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If one were to read into the first chapters of a book of functional analysis, an encounter of topological concepts would be unavoidable. I found it interesting, since functional analysis can be roughly considered as the analysis of infinite dimensional vector spaces, that the same does not hold true for finite dimensional vector spaces in linear algebra.

Taking aside algebraic topology, because it mostly is not present in books for linear algebra, it seems that linear algebra is well off without the use of topological concepts.

An example: In deriving an analogue to the spectral theorem for selfadjoint matrices in finite dimensional vector spaces, one quickly discovers, that an operator simply being selfadjoint is not sufficient even for guaranteing that an eigenvalue exists. Demanding compactness of the operator then changes the situation and permits a spectrum consisting only of eigenvalues. Here we are forced to introduce a topological concept, if we want something comparable to the finite dimensional case.

Is there an enlightening way to see why the infinite cases are in need of topology and the finite cases are not? On the other hand, am I completely mistaken and just did not encounter the use of topology in linear algebra or even used it without noticing?

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    $\begingroup$ Generally, one needs form of limit process when dealing with infinite collections of objects (cf. $\sum_k a_k$). Some notion of 'nearness' is needed. $\endgroup$ – copper.hat Jun 24 '18 at 16:53
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Point 1) One of the powers of linear algebra is that it gives an incredibly rich theory over an arbitrary field $k$, i.e. one can fill several semesters with theory that does not need any restrictive assumption on the ground field. Now think what that means: All the basic tools and results of linear algebra hold for finite dimensional vector spaces over whatever field $k$ you like, be it $\Bbb R$, $\Bbb C$, a $p$-adic field, number fields like $\Bbb Q(\sqrt{17})$, function fields in whatever characteristic etc.

Now some of these fields come with some standard topology (actually, with much more "geometric" structure), but many just don't. And since the field $k$ basically identifies with a one-dimensional vector space over itself, already here it would seem counterproductive to come up with some topology.

As an extreme case, think of the case that the ground field is finite. Then basically the only topologies one can put on a finite dimensional vector space are the discrete and the trivial topology (which is a special case of why it's not fruitful to introduce topology on finite groups, cf. https://math.stackexchange.com/a/216566/96384). But still, many tools and results of linear algebra are applied and used in the study of finite dimensional vector spaces over these fields, which (sort of) shows that topology is just not needed for these tools and results.

On the other hand, when you start to study more advanced structure, of course the ground field and, if it has one, its topological structure become more important, even in the finite dimensional case (as in Jose Carlos Santos' answer). However, when we look at the standard fields over which that is done, we get to

Point 2) If $V$ is a finite-dimensional vector space over $\Bbb R$ and $\Bbb C$ (as well as over non-archimedean local fields), there is only one topology on $V$ which is Hausdorff and compatible with the vector space structure (i.e. addition and scalar multiplication are continuous). Cf. Is there an 'intrinsic' characterization of the usual topology on a finite-dimensional vector space? and How to endow topology on a finite dimensional topological vector space?. That topology, or actually finer geometric concepts, i.e. scalar products, norms etc., are certainly used in the more advanced linear algebra over these fields, but due to that theorem, the topological structure sometimes does not even get mentioned when in an "obvious" way one uses scaling, a unit ball etc.; however, as soon as something like this comes up, in a good linear algebra course it is pointed out that we leave the abstract theory over an arbitrary ground field $k$ and restrict to (most often) $k =\Bbb R$ and/or $k=\Bbb C$.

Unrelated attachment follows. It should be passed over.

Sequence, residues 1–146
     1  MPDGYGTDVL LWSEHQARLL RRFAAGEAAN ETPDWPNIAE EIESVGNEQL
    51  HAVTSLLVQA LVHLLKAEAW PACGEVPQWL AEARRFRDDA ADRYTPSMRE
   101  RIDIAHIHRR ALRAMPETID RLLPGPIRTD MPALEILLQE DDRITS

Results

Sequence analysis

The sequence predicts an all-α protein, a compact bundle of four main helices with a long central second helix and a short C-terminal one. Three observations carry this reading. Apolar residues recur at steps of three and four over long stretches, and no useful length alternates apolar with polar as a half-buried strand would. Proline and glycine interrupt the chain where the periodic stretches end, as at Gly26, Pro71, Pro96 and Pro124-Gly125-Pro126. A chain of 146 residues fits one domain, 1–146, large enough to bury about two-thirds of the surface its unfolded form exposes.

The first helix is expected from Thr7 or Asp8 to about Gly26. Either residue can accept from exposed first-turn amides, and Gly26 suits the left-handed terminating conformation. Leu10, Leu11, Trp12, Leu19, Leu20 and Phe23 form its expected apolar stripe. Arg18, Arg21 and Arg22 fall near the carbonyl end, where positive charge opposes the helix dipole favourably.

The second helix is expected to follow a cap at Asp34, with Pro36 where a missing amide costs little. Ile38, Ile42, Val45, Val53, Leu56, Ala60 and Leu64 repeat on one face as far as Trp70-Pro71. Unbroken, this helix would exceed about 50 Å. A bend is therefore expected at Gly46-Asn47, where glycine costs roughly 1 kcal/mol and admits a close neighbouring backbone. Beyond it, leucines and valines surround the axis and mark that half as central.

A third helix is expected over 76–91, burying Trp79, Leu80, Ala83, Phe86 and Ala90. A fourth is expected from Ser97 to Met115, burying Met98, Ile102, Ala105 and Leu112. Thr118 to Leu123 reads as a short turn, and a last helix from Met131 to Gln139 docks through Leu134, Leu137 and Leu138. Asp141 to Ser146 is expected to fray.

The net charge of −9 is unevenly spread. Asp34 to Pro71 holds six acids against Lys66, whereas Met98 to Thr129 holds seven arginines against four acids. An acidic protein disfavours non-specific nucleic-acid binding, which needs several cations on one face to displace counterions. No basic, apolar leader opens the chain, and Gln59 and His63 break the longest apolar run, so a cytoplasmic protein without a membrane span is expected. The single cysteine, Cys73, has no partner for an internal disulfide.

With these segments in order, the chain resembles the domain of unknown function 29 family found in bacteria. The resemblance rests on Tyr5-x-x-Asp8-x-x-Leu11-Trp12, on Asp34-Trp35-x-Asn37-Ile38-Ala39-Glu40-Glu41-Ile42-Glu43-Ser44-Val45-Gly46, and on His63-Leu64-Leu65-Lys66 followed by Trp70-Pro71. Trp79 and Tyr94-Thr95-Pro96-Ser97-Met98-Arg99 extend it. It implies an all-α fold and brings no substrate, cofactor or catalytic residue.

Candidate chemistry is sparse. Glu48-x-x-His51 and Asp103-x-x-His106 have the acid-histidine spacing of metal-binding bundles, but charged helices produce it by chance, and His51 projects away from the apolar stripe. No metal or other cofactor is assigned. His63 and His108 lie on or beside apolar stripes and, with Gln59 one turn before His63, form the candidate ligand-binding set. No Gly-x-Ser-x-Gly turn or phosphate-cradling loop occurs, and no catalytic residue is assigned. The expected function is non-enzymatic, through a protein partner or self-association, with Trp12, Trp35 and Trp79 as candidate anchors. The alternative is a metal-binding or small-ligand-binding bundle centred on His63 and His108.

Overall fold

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In elementary Linear Algebra, no topological concepts are need while starting to study finite-dimensional vector spaces, but sometimes they become useful later. Consider, for instance, this problem: how to decide whether two $n\times n$ complex matrices are similar? Of course, if they don't have the same trace or the same determinant, they cannot be similar. So, this leads to this question: is there a finite family of polynomial functions $P_k\colon M_{n\times n}(\mathbb{C})\longrightarrow\mathbb C$ ($1\leqslant k\leqslant N$) such that two matrices $A$ and $B$ are similar if and only if $P_k(A)=P_k(B)$, for each $k\in\{1,\ldots,N\}$? No, there isn't. I'll prove it when $n=2$, but the general case is similar. Since, for each $t\neq0$, $\left(\begin{smallmatrix}0&1\\0&0\end{smallmatrix}\right)$ and $\left(\begin{smallmatrix}0&t\\0&0\end{smallmatrix}\right)$ are similar, we would have $P_k\left(\begin{smallmatrix}0&1\\0&0\end{smallmatrix}\right)=P_k\left(\begin{smallmatrix}0&t\\0&0\end{smallmatrix}\right)$. So,$$P_k\begin{pmatrix}0&0\\0&0\end{pmatrix}=\lim_{t\to0}P_k\begin{pmatrix}0&t\\0&0\end{pmatrix}=P_k\begin{pmatrix}0&1\\0&0\end{pmatrix},$$but $\left(\begin{smallmatrix}0&0\\0&0\end{smallmatrix}\right)$ and $\left(\begin{smallmatrix}0&1\\0&0\end{smallmatrix}\right)$ are not similar.

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